Is your glass half-full or half-empty? This is a common, if not somewhat colloquial, sentiment when someone is facing a time of turmoil, stress or uncertainty. The answer to this question is a pretty accurate indicator of one’s stance or attitude about what they are facing. A glass half-empty suggests a measure of pessimism, while seeing the glass half-full reflects a more positive tone. Optimism. Resolve. Even hope.
Last week’s post was simply titled “Hope.” It represented my conviction and desire for public education and how it might emerge from the incredible uncertainty it currently faces. Quoting myself, “I hope that we will find the courage, and the conviction, to discover new degrees of focus from the chaos we are experiencing, and that meaningful improvement will be the result. I hope that the old adage,’necessity is the mother of invention,’ rings true and that our newly re-opened classrooms will be models of re-invention where creativity and innovative practices allow for purposeful and relevant learning opportunities for all kids.”
Courage and conviction. Add to that, vision. But, none of these is possible without the correct perspective.
The liquid in a glass is a powerful metaphor on perspective. Assume with me that the volume of the liquid is exactly one-half of the container’s capacity. If the glass can hold 16 ounces of water when filled to the brim, we are looking at exactly 8 ounces. The level is exactly half. These are the facts. But, how we judge these contents, and the degree to which we see the glass as either full or empty, has no factual basis. In fact, both is true. What matters, and will guide our attitude and our actions, is our perspective, how we choose to see what is in front of us.
It doesn’t require a genius to develop a list of current short-comings, problems, mistakes, challenges and disappointments - evidence that the vessel is half-empty. That’s easy. And it represents a cowardly assessment. Dwelling only on the negative indicators does little to move us forward. In fact, I would argue that posturing a pessimistic stance actually creates a toxic brew that makes advancement unlikely over time. Declaring “that glass is half-empty” suggests defeat and an absence of hope. We shouldn’t go there. And, we certainly shouldn’t lead kids there.
It’s not unusual for me to have kids on my mind. I think about the welfare of kids a lot and I am definitely worried about how our present circumstances are effecting them: their education, their physical well being and their social, emotional and mental health. They can easily operate from a space of deficit and disappointment. For good reasons. But, should we let them?
For many kids, their glass was half-empty last weekend. It was Halloween, a time of scary revelry and sugar overconsumption. But, this weekend was different. The streets in my neighborhood were empty as the tradition of “trick or treat” was upstaged by Covid. This scene was repeated all over the country. Disappointed goblins stayed home. But, what about this situation could flip their disappointment to a glass half-full? How about the alternative ways to celebrate that were the products of creative thinking, the virtual costume parties or the drive-through “haunted” experiences? Or how about the fact that by doing the right thing, not necessarily what they would have chosen to do but the right thing nonetheless, reduced the likelihood of exposing themselves or members of their household to the scariest menace out there - coronavirus.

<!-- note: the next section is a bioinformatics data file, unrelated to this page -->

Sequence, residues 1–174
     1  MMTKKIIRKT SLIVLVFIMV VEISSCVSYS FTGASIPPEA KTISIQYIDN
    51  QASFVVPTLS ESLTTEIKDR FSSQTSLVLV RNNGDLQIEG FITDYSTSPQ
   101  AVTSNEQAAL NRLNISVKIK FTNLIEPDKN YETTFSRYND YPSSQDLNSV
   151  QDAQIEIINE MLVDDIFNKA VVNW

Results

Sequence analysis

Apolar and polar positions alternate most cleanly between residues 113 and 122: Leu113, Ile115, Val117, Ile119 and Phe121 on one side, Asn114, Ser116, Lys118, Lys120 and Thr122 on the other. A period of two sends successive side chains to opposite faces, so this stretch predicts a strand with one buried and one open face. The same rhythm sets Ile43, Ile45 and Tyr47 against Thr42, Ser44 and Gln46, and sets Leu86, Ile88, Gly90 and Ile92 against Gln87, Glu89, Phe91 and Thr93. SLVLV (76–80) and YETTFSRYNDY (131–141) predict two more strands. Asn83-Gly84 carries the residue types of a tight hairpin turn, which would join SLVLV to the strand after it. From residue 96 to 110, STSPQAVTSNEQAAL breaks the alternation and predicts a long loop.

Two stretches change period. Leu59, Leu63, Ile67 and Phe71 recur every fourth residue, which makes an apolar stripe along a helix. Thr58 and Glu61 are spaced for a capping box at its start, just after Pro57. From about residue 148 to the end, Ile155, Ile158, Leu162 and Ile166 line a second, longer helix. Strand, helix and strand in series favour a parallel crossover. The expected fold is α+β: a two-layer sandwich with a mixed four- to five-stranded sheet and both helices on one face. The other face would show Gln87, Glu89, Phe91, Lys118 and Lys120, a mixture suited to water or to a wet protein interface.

We want children to develop the capacities of perseverance and persistence. We aspire for them grow up to embrace challenges, to engage their creativity and to move forward with confidence and tenacity. I believe, rather, I know, this best happens within climates of possibility.
“Climate of possibility” is a phrase coined by Sir Ken Robinson, British educator and global advocate of creativity as a key instructional element, during one of his famous TED talks. He describes American public education as being an unfortunate system of conformity, compliance and standardization. It is his premise, and I wholeheartedly agree, that these structures are contrary to how human beings best learn and that they need to be replaced to allow climates of possibility to flourish.
“It’s like education is an industrial process that can be improved just by having better data, and somewhere in, I think the back of mind of some policy makers is this idea that if we fine-tune it well enough-if we just get it right, it will all hum along perfectly into the future. It won’t, and it never did.” Ken Robinson
Robinson proposes these three strategic shifts of belief and practice.
From a system of conformity, shift toward diversity.
From a system of compliance, shift toward curiosity.
From a system of standardization, shift toward creativity.
We can create climates of possibility by recognizing and valuing the uniqueness of each child for who they are, while seeing the group of learners as a diverse collection of individuals.
We can create climates of possibility if we allow students to personalize their learning by following their interests, while embracing what they wonder about and want to know.
We can create climates of possibility by avoiding a lock-step, “everybody needs to learn the same way on the same day” approach and providing, instead, opportunities for students to innovate and demonstrate their learning in thoughtful and creative ways.
In a climate of possibility we might hear . . . “Look at that glass! It’s only half-full. There’s still plenty of room in it. Should we fill it or should we leave it alone? What could be put in it? How might we do it? What will happen if we do?”